History of The Regatta
The first race, before the formation of the Dad Vail Rowing Association, was held in 1934 with "Rusty" and the University of Pennsylvania as hosts. Marietta College, coached by Ellis MacDonald won the first leg on the new trophy by finishing second to a Penn sub-varsity boat, which was an added entry. Rutgers, coached by Ned Ten Eyck, was third and Manhattan College, coached by "Skippy" Walz was fourth.
The race in 1935 was at Marietta. With the addition of Rollins College and Wisconsin, the order at the finish of the race was: Rutgers, Penn, Marietta, Wisconsin, Manhattan, and Rollins. There was no race held in 1937. In both 1936 and 1938, only Rutgers and Manhattan competed on the Harlem. Rutgers won both times. In February 1939, a meeting was held and the Dad Vail Rowing Association was formed in order to help promote the race and encourage schools to compete.
The growth of the regatta is pointed out by the following statistics: in the first association regatta, seven colleges sent seven varsity crews to Red Bank. At Philadelphia in 1961, twenty colleges sent forty crews to compete in varsity, JV, and freshman races. Currently, over a hundred colleges and universities from the United States and Canada compete, making the Dad Vail Regatta the largest collegiate regatta in the United States and bringing thousands of student athletes to Philadelphia.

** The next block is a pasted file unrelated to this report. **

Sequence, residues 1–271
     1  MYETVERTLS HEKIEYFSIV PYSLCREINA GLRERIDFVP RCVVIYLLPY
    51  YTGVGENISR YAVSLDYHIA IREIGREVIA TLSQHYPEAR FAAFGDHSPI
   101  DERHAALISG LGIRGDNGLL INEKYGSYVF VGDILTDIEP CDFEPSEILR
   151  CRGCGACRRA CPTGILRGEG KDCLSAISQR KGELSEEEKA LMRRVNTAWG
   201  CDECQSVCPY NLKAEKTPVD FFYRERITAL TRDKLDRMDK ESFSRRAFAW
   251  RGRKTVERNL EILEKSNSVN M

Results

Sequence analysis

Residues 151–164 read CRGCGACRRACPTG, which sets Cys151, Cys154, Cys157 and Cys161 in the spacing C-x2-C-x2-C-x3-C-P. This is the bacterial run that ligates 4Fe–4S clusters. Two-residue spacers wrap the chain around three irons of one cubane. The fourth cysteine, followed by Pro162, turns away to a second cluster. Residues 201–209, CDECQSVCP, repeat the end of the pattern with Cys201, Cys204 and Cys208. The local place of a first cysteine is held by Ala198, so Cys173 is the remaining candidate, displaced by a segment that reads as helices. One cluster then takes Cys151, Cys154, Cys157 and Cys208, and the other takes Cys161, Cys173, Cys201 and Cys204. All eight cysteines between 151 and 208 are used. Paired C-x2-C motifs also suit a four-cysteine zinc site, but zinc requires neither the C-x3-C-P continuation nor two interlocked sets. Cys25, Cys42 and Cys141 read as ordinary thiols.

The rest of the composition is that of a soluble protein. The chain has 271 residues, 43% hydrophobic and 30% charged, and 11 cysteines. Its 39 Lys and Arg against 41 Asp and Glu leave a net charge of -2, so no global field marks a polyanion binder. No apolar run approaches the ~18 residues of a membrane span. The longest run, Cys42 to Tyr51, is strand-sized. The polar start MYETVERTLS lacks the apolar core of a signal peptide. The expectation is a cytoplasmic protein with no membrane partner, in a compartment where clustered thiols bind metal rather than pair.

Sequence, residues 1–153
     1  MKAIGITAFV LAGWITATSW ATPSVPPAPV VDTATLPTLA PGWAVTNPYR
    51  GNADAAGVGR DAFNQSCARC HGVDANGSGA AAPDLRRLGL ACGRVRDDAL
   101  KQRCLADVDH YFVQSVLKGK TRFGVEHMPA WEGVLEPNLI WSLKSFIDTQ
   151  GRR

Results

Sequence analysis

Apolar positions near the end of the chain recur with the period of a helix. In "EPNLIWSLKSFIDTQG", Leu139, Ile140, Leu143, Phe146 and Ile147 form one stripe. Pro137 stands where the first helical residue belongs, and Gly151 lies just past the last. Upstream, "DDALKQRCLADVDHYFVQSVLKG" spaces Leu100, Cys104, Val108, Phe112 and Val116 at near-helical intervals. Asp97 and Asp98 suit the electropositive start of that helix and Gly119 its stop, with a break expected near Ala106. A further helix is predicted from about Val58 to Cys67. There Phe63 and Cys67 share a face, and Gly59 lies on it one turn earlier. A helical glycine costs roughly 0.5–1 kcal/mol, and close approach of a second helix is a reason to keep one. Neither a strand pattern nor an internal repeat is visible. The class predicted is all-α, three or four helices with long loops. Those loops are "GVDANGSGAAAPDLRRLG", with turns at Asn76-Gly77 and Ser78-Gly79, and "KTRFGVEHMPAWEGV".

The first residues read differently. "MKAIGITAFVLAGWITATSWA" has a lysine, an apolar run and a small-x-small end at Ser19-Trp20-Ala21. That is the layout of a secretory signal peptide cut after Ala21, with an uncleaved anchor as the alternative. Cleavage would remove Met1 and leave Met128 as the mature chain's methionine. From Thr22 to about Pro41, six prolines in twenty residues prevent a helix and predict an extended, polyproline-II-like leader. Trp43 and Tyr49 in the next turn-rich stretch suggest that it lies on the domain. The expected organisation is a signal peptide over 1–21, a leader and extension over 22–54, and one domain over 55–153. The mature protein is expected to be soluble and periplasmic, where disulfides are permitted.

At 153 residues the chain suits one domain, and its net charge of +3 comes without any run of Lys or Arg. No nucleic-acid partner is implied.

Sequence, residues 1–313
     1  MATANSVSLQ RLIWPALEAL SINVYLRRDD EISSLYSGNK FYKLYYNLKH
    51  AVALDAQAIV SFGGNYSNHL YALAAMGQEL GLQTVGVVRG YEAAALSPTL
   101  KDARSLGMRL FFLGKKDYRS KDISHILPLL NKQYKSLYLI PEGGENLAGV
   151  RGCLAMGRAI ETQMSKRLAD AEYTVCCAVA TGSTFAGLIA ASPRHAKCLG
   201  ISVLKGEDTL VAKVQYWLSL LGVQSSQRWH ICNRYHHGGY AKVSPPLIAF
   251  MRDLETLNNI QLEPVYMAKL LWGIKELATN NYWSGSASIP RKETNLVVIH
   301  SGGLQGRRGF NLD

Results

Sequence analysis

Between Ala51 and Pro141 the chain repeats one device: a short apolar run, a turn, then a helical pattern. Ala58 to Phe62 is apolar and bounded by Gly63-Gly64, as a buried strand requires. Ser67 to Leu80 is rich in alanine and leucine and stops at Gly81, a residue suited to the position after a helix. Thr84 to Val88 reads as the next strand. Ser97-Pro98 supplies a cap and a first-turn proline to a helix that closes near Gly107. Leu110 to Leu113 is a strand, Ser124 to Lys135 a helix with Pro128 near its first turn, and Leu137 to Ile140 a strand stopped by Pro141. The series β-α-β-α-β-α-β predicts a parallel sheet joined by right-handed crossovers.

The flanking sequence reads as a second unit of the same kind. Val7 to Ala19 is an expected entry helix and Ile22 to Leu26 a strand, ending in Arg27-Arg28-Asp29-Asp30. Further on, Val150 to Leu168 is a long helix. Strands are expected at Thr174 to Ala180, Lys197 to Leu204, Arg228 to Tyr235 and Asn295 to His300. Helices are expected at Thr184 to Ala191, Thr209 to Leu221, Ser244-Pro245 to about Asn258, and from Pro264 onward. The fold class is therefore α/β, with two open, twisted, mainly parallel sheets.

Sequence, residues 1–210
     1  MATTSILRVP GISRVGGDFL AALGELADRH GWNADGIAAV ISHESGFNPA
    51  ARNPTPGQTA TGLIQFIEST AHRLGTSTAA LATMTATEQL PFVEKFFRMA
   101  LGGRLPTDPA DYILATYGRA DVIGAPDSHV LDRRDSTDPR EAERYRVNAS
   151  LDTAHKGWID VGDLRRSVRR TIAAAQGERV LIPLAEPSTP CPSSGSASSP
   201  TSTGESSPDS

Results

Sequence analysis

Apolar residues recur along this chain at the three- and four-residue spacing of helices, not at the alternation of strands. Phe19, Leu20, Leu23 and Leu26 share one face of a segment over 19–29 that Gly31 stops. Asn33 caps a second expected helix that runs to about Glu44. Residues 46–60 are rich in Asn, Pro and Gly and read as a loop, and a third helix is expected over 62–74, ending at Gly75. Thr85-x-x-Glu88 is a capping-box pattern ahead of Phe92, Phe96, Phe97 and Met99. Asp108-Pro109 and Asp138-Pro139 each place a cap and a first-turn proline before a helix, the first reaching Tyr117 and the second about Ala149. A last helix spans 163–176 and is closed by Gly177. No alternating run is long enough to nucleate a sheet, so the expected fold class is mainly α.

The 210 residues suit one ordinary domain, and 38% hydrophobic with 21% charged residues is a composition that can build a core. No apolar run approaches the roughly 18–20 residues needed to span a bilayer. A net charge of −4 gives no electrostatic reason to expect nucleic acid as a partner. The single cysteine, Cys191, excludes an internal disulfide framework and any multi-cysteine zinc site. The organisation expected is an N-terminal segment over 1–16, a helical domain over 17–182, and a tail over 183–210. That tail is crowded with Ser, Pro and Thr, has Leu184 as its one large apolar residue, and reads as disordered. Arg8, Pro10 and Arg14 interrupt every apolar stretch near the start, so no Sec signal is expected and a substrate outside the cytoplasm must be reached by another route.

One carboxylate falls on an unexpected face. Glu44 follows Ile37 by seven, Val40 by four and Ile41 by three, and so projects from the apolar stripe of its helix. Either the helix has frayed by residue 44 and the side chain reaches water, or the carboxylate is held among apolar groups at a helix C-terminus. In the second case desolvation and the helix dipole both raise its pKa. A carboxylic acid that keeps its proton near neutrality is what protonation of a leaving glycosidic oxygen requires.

Women competed for the first time in 1976.
The Dad Vail entered its 70th year in 2008.
Read more about this topic: Aberdeen Dad Vail Regatta
Famous quotes containing the words history of and/or history:
“The history of all countries shows that the working class exclusively by its own effort is able to develop only trade-union consciousness.”
—Vladimir Ilyich Lenin (18701924)
“The greatest horrors in the history of mankind are not due to the ambition of the Napoleons or the vengeance of the Agamemnons, but to the doctrinaire philosophers. The theories of the sentimentalist Rousseau inspired the integrity of the passionless Robespierre. The cold-blooded calculations of Karl Marx led to the judicial and business-like operations of the Cheka.”
—Aleister Crowley (18751947)